When Travis Gray was a little boy, he’d plunk down in front of the TV set like most kids. But unlike most his age, he didn’t passively absorb the images bombarding him.
“Whenever I was home, I would just be with my sketch book, and I would always sit in front of the TV and draw whatever I saw,” he says. “Mostly because I wasn’t satisfied with the stories and I would want to learn to draw them to place them in my own stories.
“Gargamel always wanted the same thing all the time; Brainy Smurf always got catapulted out of the village at the end,” he says. “I’d draw the characters in Laser Tag trying to kill each other. I had a comic book drawn where a bunch of animals tried to live on their own in their magic transforming car-boat-house.”
Gray is the creative force behind Mito Band and Mito Comics, and although he’s in his late 20s, it’s hard not to see an element of childhood in his work.
It’s not that his art—visual and musical—is childish. But it applies a child-like bafflement toward the adult world. In Gray’s work, societal structure and convention are rendered absurd, pointless, goofy. You remember why you didn’t want to grow up and simultaneously why being a kid was so horrible.
Tomorrow night Gray and his band will release Mito XIII, a witty and eclectic collection of comics, in varying styles. It’s accompanied with a five-song CD, which also includes a soundtrack to the comics.
There’s a rule in journalism that you’re not supposed to write about your friends, but the line gets blurred when you’re writing about musicians in a small town like Knoxville. The fact that Gray and I are good friends makes him suspicious of the attention.
“It makes me wonder whether the ‘zine and the music is worth doing,” he says. “People seem to really like us, but your friends never tell you what they think. I usually tell people what I really think. But I don’t have any friends anymore.”
Of the two arms of Mito, the ‘zine was born first. Gray got the idea for the sporadic publication in ’93, when he was at community college near his hometown in Nashville.
“This girl showed me her ‘zine, and I had never seen one before. I thought, ‘This is great.’ Except it was all about herself,” he says. “And she totally stole the art, and I thought that was cheating.”
The first Mito ‘zines were consisted of made-up stories, a reaction against the confessional style of many self-published mags (“mito” means “myth” in Spanish). He put out several copies of it before moving to the Knoxville area in 1997 to attend UT. He’s embarrassed by most of the early Mitos and refuses to show them to anyone.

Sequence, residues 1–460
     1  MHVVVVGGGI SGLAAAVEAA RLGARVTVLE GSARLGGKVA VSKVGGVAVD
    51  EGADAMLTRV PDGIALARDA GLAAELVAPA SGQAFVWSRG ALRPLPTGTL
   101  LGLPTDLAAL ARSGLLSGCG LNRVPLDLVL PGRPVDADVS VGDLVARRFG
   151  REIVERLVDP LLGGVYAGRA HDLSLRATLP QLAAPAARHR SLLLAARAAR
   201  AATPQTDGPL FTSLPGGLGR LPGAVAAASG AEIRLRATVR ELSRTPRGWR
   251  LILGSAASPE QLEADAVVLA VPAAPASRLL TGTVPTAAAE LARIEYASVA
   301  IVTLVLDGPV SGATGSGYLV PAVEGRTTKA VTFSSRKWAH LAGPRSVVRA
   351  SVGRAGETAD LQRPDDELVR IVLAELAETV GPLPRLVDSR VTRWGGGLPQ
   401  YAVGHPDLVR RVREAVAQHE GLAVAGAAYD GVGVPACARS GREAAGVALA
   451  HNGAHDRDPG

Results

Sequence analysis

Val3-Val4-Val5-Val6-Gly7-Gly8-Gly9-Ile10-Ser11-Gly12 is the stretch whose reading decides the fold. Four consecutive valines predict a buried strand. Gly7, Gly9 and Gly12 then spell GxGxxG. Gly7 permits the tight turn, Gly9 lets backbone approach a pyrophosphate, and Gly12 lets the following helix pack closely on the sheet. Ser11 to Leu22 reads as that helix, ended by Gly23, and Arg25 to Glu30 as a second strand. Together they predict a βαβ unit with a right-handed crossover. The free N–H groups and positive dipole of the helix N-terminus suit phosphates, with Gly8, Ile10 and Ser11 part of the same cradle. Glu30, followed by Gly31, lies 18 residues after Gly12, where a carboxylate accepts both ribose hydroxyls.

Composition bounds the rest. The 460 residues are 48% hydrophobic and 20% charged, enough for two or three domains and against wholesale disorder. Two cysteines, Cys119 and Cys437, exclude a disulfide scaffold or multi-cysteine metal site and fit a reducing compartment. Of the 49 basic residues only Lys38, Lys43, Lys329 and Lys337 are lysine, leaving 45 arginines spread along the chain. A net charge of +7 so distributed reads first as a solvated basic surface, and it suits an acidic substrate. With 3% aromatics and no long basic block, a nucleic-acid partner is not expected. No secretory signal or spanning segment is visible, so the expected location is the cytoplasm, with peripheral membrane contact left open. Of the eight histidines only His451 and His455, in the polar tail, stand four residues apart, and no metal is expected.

Regarded one of the better designers in town, he worked for three years at Robin Easter Group. But increasingly bored with graphic design, he quit his job, intending to go to graduate school for printmaking. When his assistantship fell through, leaving him without any financial aid, he scrapped those plans.
Since then he’s held a couple of clock-punching jobs, spending his creative energy on drawing and music.
In Mito XIII, Gray draws in many different styles. Some of it is composed on his computer, but most of it’s drawn freehand. The wit is dry and sometimes sinister, but always playful. It’s not easily described. Often the humor lurks in small details or the characters’ expressions—lonely, terrified, devious, snooty looks.
A pumpkin-headed man attacks Santa Claus. Little kids roast a baby (or maybe just doll) over a fire at Pancake Lake, an illustrated ditty of summer camp. Much of the humor is self-mocking, ridiculing the band and book.
Gray and Daniel Moore formed Mito Band in 2000, and enlisted Jesse Wagner (who also plays in Ibrahim) to play guitar and Lauren Ray on bass. Moore plays on the forthcoming CD, but has since moved away, with Dugan Broadhurst taking his place on drums.
The music is keyboard-driven pop, gleeful and silly. The songs sound like they could be from a cartoon soundtrack, and the band is completely unique to Knoxville. One song on the new CD is called “Catch the Crook,” and is about fictional childhood sleuths the Hardy Boys, Nancy Drew, the Bobbsey Twins, et. al.
“It’s not like we’re trying to make kids’ music. It’s a lot of fun to play, but it’s repetitive. Our songs are way too short. But I figure once you get the idea, why go on about it,” he says.
He recorded music and dialogue for each of the comics, which you can listen to as you read them. He worries it sounds stupid or amateurish. A week before the show, he was contemplating scrapping them from the final product.
But he says he feels more confident in what he’s doing, musically and artistically.
“I don’t think it sucks. But it could be a lot better. Over the past year, I’ve noticed a huge difference. I’ve started to understand what it is I’m doing. I feel like I know what I’m doing now, as opposed to the first eight years of my art life,” he says.
“Plus I’m a lot more serious about it because I actually enjoy it, now that I’m not doing it for a living. The fact that I can do whatever I want to makes me very happy.”